SINGAPORE: Two-time presidential candidate Tan Kin Lian had a sober message for those who posted content that “deliberately and maliciously insult and defame” him. Remove the content immediately or face a lawsuit, he warned.

In a video on TikTok on Monday (Sept 11), Mr Tan said that he had been a target of content that caused “serious damage” to his reputation over the past few weeks, adding, “Several friends have taken screenshots of these malicious and harmful contents.”

Furthermore, he added that the content creator would also have to pay the legal fees of Mr Tan’s lawyers. “If the creator does not comply with the request, I will take the creator to court, and if I succeed, the damages will be in the tens or hundreds of thousands (of) dollars.”



♬ original sound – Tan Kin Lian

“I advise the creators to remove these contents immediately,” he said. “If the contents still remain on the website, I will ask my lawyer to send a letter to the creator with a demand for an apology and an undertaking not to repeat the harmful actions, and for this message to be broadcast to all of their audience.”

The former presidential candidate also said that though some of the content creators were hiding their identities, he plans to locate them nevertheless, and “the damages will be increased according to the trouble that I have taken.“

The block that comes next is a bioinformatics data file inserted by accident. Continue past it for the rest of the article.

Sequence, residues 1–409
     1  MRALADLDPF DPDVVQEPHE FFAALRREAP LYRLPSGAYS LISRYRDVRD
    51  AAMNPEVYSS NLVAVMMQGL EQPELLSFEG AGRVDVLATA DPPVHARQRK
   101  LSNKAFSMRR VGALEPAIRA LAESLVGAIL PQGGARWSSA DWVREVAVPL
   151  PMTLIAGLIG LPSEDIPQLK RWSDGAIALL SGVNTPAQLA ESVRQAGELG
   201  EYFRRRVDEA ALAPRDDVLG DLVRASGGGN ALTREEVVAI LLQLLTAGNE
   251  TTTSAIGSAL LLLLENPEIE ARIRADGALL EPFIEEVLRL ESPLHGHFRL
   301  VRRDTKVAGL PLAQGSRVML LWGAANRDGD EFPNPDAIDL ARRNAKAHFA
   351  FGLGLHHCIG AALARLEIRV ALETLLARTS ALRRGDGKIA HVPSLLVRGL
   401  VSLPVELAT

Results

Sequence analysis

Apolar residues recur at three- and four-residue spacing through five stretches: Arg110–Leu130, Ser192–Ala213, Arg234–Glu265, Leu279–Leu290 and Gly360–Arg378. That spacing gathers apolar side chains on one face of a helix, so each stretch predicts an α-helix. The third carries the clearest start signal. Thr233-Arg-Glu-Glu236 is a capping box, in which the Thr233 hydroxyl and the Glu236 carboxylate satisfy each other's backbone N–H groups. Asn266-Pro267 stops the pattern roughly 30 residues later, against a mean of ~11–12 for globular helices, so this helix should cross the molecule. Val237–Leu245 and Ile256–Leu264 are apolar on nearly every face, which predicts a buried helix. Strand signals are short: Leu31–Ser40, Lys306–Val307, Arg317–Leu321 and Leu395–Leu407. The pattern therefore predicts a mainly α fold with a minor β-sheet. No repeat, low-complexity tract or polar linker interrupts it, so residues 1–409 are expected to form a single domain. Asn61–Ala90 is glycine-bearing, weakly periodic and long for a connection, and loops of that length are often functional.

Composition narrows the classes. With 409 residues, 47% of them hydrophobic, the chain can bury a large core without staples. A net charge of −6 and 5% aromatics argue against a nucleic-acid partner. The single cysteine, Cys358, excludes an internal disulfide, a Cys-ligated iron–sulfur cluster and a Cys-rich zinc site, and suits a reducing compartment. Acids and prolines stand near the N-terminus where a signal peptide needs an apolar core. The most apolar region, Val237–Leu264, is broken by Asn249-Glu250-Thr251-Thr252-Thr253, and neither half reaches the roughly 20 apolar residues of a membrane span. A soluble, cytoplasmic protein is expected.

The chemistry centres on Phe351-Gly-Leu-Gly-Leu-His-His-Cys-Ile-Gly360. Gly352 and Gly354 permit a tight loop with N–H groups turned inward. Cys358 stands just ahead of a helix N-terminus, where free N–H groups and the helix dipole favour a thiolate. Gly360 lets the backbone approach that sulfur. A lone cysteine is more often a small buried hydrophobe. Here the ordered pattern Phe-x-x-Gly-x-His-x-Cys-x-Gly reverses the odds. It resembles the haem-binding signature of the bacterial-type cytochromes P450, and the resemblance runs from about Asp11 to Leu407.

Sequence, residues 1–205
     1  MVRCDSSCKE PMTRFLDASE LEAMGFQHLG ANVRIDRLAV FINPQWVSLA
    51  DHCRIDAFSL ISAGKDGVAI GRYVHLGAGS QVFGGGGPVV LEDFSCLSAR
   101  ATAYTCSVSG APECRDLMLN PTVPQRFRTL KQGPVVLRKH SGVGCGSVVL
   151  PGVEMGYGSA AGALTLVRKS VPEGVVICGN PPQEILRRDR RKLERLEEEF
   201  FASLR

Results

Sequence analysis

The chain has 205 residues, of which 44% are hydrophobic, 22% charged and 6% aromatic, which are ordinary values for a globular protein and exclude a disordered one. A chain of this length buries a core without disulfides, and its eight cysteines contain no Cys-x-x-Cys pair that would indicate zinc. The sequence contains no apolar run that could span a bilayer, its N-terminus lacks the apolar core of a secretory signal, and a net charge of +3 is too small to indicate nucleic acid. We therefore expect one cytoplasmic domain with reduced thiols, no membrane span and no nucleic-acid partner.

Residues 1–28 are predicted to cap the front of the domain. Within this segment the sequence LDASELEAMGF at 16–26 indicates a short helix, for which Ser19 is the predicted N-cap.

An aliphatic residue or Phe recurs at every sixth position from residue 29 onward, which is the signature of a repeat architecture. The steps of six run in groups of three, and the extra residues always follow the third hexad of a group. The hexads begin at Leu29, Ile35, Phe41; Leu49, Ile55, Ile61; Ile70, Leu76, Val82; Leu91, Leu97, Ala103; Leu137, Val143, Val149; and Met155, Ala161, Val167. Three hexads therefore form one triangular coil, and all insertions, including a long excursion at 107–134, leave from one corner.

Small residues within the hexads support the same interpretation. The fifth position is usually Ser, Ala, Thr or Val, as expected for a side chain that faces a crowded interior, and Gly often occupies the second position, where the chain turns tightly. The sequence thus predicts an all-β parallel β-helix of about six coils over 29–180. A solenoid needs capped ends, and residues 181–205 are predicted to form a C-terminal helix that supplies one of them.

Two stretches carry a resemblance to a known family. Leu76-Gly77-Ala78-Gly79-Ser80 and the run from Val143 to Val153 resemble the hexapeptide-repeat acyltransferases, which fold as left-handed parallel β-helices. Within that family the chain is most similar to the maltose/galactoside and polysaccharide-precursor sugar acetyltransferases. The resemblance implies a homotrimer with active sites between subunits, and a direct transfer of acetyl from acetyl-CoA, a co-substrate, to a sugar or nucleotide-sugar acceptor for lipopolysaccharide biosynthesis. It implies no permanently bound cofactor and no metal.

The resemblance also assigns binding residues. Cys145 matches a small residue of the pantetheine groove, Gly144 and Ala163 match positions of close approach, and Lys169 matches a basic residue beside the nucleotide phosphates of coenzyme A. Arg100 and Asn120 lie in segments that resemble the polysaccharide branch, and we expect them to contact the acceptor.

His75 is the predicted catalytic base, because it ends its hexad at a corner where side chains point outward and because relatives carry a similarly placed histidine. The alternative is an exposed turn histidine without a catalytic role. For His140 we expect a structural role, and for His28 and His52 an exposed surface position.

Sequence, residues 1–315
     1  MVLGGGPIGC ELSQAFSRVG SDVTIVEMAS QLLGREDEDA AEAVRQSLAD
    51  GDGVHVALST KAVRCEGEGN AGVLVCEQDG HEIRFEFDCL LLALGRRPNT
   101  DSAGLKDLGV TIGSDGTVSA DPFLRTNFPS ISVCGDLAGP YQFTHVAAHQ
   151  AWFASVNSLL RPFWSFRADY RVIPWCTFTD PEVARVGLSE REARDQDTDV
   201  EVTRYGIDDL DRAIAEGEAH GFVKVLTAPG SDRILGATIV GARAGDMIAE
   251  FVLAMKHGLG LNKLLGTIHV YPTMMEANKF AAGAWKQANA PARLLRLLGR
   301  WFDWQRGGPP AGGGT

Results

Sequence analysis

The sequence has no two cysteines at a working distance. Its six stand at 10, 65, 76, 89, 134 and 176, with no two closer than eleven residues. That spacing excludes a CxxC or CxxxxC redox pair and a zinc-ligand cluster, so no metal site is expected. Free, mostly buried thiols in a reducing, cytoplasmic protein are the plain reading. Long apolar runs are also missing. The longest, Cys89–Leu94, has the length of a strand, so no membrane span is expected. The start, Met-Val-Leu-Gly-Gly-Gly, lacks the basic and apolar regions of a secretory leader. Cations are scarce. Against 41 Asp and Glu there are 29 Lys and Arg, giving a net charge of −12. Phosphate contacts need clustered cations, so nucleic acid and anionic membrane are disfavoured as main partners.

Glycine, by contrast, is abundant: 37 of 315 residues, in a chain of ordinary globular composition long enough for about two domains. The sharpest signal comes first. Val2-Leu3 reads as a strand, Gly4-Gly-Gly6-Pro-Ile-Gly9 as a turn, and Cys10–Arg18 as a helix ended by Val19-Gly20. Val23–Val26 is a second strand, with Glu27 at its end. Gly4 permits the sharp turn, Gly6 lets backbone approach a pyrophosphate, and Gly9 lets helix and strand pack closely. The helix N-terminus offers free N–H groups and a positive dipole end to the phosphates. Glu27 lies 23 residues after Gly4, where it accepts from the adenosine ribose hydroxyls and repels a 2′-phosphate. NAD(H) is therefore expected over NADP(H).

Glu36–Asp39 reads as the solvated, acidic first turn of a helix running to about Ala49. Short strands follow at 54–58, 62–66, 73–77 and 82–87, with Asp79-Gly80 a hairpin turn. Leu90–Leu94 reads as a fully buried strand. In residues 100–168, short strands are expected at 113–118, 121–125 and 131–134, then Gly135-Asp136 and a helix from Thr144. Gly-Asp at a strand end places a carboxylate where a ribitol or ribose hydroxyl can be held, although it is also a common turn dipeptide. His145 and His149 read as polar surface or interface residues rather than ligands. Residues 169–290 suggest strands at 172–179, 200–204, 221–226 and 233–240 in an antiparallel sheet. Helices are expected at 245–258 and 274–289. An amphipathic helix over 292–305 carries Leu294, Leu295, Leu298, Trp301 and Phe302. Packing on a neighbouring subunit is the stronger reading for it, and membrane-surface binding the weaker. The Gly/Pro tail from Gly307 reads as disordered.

He added that he does not plan to cause financial troubles to the content creators and advises them to remove the “harmful and malicious content” as soon as possible.

Mr Tan ended the video by saying again that he advises “these creators to act now to stop further damage to my reputation and to avoid the financial penalty they have to face”.

In the election held on Sept 1, Mr Tan, who served as the chief executive officer of insurer NTUC Income between 1977 and 2007, came in third among the three candidates, receiving 13.88 per cent of the votes.

Former Deputy Prime Minister Tharman Shanmugaratnam won with 70.4 per cent of votes.

Nevertheless, Mr Tan’s showing up this year was an improvement from his first presidential bid in 2011, when he received only 4.91 per cent of votes. /TISG

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